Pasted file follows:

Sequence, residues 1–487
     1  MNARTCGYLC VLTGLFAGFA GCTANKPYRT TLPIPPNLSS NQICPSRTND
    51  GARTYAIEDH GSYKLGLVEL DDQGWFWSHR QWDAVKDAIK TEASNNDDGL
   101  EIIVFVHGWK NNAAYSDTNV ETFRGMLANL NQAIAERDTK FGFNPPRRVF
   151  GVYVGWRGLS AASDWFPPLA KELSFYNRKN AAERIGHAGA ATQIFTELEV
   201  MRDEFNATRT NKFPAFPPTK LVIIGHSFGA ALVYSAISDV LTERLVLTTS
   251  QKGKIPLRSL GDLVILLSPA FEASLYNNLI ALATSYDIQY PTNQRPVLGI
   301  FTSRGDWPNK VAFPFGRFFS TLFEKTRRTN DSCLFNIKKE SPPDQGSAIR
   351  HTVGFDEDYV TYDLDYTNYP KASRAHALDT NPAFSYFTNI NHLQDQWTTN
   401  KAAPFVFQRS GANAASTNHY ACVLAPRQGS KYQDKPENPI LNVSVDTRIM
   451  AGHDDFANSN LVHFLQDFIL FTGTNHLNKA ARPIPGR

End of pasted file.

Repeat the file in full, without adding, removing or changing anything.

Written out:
Sequence, residues 1–487
     1  MNARTCGYLC VLTGLFAGFA GCTANKPYRT TLPIPPNLSS NQICPSRTND
    51  GARTYAIEDH GSYKLGLVEL DDQGWFWSHR QWDAVKDAIK TEASNNDDGL
   101  EIIVFVHGWK NNAAYSDTNV ETFRGMLANL NQAIAERDTK FGFNPPRRVF
   151  GVYVGWRGLS AASDWFPPLA KELSFYNRKN AAERIGHAGA ATQIFTELEV
   201  MRDEFNATRT NKFPAFPPTK LVIIGHSFGA ALVYSAISDV LTERLVLTTS
   251  QKGKIPLRSL GDLVILLSPA FEASLYNNLI ALATSYDIQY PTNQRPVLGI
   301  FTSRGDWPNK VAFPFGRFFS TLFEKTRRTN DSCLFNIKKE SPPDQGSAIR
   351  HTVGFDEDYV TYDLDYTNYP KASRAHALDT NPAFSYFTNI NHLQDQWTTN
   401  KAAPFVFQRS GANAASTNHY ACVLAPRQGS KYQDKPENPI LNVSVDTRIM
   451  AGHDDFANSN LVHFLQDFIL FTGTNHLNKA ARPIPGR